Toxoplasmosis

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Related to neonatal toxoplasmosis: Congenital toxoplasmosis

toxoplasmosis

[‚tak·sə·plaz′mō·səs]
(medicine)
Infection by the protozoan Toxoplasma gondii, manifested clinically in severe cases by jaundice, hepatomegaly, and splenomegaly.

Toxoplasmosis

 

a protozoan disease of man and animals that is caused by parasites of the genus Toxoplasma gondii. The sources of infection are more than 180 species of domestic and wild animals, including dogs, cats, rabbits, predators, herbivores, rodents, and birds. Human infestation occurs through consumption of insufficiently cooked meat products or eggs; it may also occur by means of the mucous membranes and skin injuries, or through transmission. Prenatal infestation has also been observed.

In man, toxoplasmosis may be congenital or acquired, and acute or chronic. Congenital toxoplasmosis may involve the prenatal death of the fetus, the death of the newborn from general infection, or affectation of the newborn’s nervous system, as well as of its eyes and other organs. The acute acquired form of toxoplasmosis has a course similar to that of typhus, with high temperature and enlargement of the liver and spleen. The acute acquired form may also affect primarily the nervous system, with accompanying headaches, convulsions, vomiting, and paralysis. Toxoplasmosis is often chronic, and in this form is marked by subfebrile temperature, headache, enlargement of the lymph nodes and liver, and impairment of working capacity. In the chronic form, the eyes, heart, nervous system, and other organs and systems may be affected. Toxoplasmosis also occurs in a latent form.

Toxoplasmosis is detected by means of serodiagnosis and intradermal allergic tests. The disease is treated with pyrimethamine and with sulfanilamide compounds. Infestation can be prevented by controlling toxoplasmosis in domestic animals, by observing proper sanitary measures when disposing of animal waste and processing food products, and by examining pregnant women for signs of toxoplasmosis.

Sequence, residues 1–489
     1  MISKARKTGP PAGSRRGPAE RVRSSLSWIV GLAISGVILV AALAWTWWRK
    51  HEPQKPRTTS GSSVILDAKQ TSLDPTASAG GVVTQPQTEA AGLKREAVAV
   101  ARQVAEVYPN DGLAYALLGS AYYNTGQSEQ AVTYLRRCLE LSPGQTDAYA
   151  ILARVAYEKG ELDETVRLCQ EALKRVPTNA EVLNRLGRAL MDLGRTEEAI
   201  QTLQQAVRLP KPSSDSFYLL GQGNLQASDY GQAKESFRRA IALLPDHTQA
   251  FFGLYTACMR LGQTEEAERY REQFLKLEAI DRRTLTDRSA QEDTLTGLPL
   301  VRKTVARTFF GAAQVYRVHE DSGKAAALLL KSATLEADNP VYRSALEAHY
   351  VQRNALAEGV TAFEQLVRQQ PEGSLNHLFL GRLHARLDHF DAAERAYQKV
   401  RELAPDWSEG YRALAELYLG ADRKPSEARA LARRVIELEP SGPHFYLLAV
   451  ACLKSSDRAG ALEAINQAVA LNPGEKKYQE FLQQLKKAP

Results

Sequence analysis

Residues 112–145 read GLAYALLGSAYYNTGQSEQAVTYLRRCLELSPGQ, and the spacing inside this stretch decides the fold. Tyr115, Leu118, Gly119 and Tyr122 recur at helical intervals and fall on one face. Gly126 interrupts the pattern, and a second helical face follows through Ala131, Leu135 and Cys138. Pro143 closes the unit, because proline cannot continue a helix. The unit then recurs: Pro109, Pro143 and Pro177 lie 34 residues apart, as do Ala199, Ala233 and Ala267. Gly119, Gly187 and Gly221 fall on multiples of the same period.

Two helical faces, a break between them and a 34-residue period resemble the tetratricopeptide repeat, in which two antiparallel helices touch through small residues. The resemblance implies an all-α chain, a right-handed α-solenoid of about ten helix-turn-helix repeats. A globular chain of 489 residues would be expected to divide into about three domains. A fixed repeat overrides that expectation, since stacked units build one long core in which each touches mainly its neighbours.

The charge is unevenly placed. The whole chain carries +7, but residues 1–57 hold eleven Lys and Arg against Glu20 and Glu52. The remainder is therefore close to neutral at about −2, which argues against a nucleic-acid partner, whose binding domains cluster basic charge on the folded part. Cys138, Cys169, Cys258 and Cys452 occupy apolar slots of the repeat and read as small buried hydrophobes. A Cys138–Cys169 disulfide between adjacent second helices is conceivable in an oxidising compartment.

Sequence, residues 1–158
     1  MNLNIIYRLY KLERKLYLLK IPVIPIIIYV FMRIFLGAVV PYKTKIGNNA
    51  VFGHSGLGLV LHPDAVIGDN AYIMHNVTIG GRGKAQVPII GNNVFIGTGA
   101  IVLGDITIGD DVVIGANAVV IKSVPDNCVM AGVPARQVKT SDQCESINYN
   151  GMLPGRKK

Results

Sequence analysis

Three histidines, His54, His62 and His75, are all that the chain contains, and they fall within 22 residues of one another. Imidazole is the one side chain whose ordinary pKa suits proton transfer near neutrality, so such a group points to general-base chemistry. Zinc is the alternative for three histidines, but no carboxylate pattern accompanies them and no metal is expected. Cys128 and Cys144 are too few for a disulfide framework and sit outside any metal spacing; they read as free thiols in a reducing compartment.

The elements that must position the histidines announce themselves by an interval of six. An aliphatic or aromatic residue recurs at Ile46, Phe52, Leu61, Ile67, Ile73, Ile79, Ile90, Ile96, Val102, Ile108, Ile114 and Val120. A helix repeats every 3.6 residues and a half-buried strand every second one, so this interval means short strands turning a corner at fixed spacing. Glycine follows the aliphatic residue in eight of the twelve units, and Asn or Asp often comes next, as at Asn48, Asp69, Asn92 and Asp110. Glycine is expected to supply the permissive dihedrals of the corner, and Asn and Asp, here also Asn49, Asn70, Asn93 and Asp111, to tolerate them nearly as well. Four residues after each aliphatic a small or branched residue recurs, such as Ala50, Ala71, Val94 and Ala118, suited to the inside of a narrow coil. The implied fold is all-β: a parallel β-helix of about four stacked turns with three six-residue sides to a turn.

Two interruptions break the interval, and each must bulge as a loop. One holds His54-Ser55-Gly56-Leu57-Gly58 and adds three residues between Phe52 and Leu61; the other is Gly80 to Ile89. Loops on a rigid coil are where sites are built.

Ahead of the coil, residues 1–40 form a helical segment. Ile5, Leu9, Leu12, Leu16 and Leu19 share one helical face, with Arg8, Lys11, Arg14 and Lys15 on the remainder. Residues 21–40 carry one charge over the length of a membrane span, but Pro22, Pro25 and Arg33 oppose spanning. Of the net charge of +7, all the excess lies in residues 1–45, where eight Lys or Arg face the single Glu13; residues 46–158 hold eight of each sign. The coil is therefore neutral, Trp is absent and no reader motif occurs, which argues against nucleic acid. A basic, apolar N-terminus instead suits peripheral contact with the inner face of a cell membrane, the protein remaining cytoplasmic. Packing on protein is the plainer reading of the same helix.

REFERENCE

Kovaleva, E. P. Toksoplazmoz. Moscow, 1967.
Domestic and wild mammals, as well as birds, are affected by toxoplasmosis. The disease is naturally endemic, and has been recorded in every country of the world. Infestation occurs by ingestión or contamination, and occasionally by means of airborne droplets. Prenatal infestation may also occur. The cysts of the parasites may remain alive within an animal for years, particularly in the brain and skeletal musculature.
In animals, the causative agent of toxoplasmosis is discharged from infected or recovered animals with aborted or stillborn fetuses, as well as with the amniotic fluid, placenta, and vaginal discharges. The causative agent also occurs in the milk, saliva, and discharges from the nose and eyes. In cats, the causative agent may be discharged with the feces.
Depending on the species of the animal affected, miscarriages, intestinal disturbances, and disorders of the skin and nervous system may develop in connection with toxoplasmosis. Toxoplasmosis in animals may be acute or chronic; the disease sometimes results in the affected animal’s death. Diagnosis is based on the findings of epizootiology and is conducted by observing external symptoms, examining the blood serum, and studying animal discharges with a microscope.
N. I. STEPANOVA